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Curium - life forward

News / 17th March 2021


A statement on the use of Xenon Xe 133 Gas during the COVID-19 pandemic

(St. Louis, MO – March 17, 2021) There are a variety of safeguards when using the Xenotron™ I Xenon (Xe 133) Gas Dispenser for use with Xenon Xe 133 Gas in Curium unit dose vials that help ensure patient safety. Use of the Xenotron I includes a stopcock and interconnector that is used during the administration process and is closed after administration of the Xenon Xe 133 Gas. This helps prevent any backward flow from the patient back into the device. Also, patient administration accessories (facemask, mouthpiece, nose clip, etc.) are typically single-use, disposable, and often have one-way valves to further reduce the risk of infectious transmissions.

Xenon Xe 133 Gas has been a reliable and valuable agent for diagnostic inhalation studies since 1982. Xenon gas aids in the evaluation of pulmonary function, for imaging the lungs, and may also be applied to assessment of cerebral blood flow. Since 2009, Curium’s Xenon Xe 133 Gas has been used in over 200,000 patients without any reported cases of infectious transmissions among the few adverse events overall. In addition, the FDA Adverse Event Reporting System (FAERS) Public Dashboard (which includes all reported Adverse Events) also shows no infectious transmissions. It is important to note that these statistics do not rule out the risk of infectious transmission, including risk of COVID-19 infection. It is also important to emphasize that nuclear medicine technologists and other medical professionals administer these studies utilizing common sense precautions and protocols to minimize risk. Most healthcare facilities have adopted strict policies governing appropriate personal protective equipment, airflow and ventilation requirements, room turnover times and local infection control specialists are often deployed to support and help evaluate facilities, equipment and staff PPE. Clinicians should always evaluate the risks and benefits of a Xe 133 study in light of all of these circumstances, including the patient’s diagnostic and clinical need for a Xe 133 study.

Per the Society of Nuclear Medicine and Molecular Imaging’s SNM Practice Guideline for Lung Scintigraphy 4.0: “An advantage of 133Xe ventilation is that single-breath, wash-in or equilibrium, and washout images can be obtained, thus providing a more complete characterization of ventilation and a more sensitive test for obstructive airway disease. Physiologic information about ventilation can best be obtained from 133Xe imaging.”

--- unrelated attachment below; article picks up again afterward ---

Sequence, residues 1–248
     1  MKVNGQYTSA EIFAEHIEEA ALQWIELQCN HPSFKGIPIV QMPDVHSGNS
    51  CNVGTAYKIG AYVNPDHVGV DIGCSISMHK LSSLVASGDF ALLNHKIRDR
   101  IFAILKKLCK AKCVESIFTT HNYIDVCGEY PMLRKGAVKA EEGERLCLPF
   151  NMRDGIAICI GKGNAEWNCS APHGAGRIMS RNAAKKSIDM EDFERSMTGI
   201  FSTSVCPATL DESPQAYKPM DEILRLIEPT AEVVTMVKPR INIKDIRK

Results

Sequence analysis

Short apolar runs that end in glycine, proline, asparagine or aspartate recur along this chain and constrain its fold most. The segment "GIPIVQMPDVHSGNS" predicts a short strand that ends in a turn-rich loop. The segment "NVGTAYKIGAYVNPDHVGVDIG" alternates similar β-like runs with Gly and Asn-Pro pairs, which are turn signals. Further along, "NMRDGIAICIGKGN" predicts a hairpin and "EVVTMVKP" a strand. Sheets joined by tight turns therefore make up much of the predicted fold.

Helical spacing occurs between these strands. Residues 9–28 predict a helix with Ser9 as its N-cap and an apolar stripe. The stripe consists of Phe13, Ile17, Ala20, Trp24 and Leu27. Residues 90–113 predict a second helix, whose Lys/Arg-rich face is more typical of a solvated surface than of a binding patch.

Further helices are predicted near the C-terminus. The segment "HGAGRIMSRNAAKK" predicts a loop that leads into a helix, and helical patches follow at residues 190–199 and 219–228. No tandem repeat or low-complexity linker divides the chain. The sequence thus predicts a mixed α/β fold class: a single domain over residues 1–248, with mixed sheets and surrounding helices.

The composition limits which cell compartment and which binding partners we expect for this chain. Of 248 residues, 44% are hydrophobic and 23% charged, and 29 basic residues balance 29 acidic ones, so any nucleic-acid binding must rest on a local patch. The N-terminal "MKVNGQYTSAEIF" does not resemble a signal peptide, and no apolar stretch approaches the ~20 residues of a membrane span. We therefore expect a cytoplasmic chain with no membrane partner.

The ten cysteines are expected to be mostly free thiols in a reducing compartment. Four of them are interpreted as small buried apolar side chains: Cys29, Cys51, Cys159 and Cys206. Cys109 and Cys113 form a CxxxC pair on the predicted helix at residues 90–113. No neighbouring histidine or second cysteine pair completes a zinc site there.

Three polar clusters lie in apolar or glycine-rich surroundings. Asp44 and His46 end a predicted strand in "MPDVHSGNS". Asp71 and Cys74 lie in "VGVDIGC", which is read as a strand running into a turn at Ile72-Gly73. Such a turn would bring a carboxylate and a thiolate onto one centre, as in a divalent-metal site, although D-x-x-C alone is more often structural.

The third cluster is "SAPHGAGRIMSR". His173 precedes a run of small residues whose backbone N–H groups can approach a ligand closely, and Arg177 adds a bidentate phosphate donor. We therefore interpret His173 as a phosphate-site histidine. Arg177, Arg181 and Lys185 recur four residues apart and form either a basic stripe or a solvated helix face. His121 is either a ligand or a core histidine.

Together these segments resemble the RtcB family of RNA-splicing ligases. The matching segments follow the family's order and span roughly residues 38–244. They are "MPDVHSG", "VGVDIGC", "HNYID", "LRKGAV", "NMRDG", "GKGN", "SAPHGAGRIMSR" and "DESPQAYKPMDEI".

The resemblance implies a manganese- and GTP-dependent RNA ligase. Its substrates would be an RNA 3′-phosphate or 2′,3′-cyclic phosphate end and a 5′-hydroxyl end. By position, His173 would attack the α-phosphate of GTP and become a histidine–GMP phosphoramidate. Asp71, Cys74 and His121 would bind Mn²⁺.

Curium agrees with these guidelines and looks forward to seeing a second revised and updated SNMMI COVID-19 and Ventilation/Perfusion (V/Q) Lung Studies statement that appropriately balances the clinical need for patients to have access to these procedures with the risk of infectious transmission.

Indication & Usage

Xenon Xe 133 Gas has been shown to be valuable for diagnostic inhalation studies for the evaluation of pulmonary function, for imaging the lungs and may also be applied to assessment of cerebral blood flow.

Important risk information

Warnings and precautions

  • Xenon Xe 133 Gas delivery systems, i.e., respirators or spirometers, and associated tubing assemblies must be leakproof to avoid loss of radioactivity into the laboratory environs not specifically protected by exhaust systems.
  • Xenon Xe 133 Gas adheres to some plastics and rubber and should not be allowed to stand in tubing or respirator containers. Loss of radioactivity due to such adherence may render the study nondiagnostic.
  • Xenon Xe 133 Gas as well as other radioactive drugs, must be handled with care and appropriate safety measures should be used to minimize radiation exposure to clinical personnel. Also, care should be taken to minimize radiation exposure to the patients consistent with proper patient management.
  • Exhaled Xenon Xe 133 Gas should be controlled in a manner that is in compliance with the appropriate regulations of the government agency authorized to license the use of radionuclides.
  • Radiopharmaceuticals should be used only by physicians who are qualified by training and experience in the safe use and handling of radionuclides.
  • Transfer the appropriate Xenon Xe 133 Gas dose from the Xenon Xe 133 Gas unit dose vial(s) to a breathing device or spirometer utilizing the Xenotron™ I Xenon Gas Dispenser. Follow the directions for use that are provided with the Xenotron I Xenon Gas Dispenser.

Adverse reactions

  • Adverse reactions specifically attributable to Xenon Xe 133 Gas have not been reported.

Use in specific populations

  • Pregnancy Category C. Xenon Xe 133 Gas should be given to a pregnant woman only if clearly needed.
  • Breastfeeding: It is not known whether this drug is excreted in human milk. Because many drugs are excreted in human milk, caution should be exercised when Xenon Xe 133 Gas is administered to a nursing woman.
  • Pediatric Use: Safety and effectiveness in pediatric patients have not been established.

Please see Full Prescribing Information.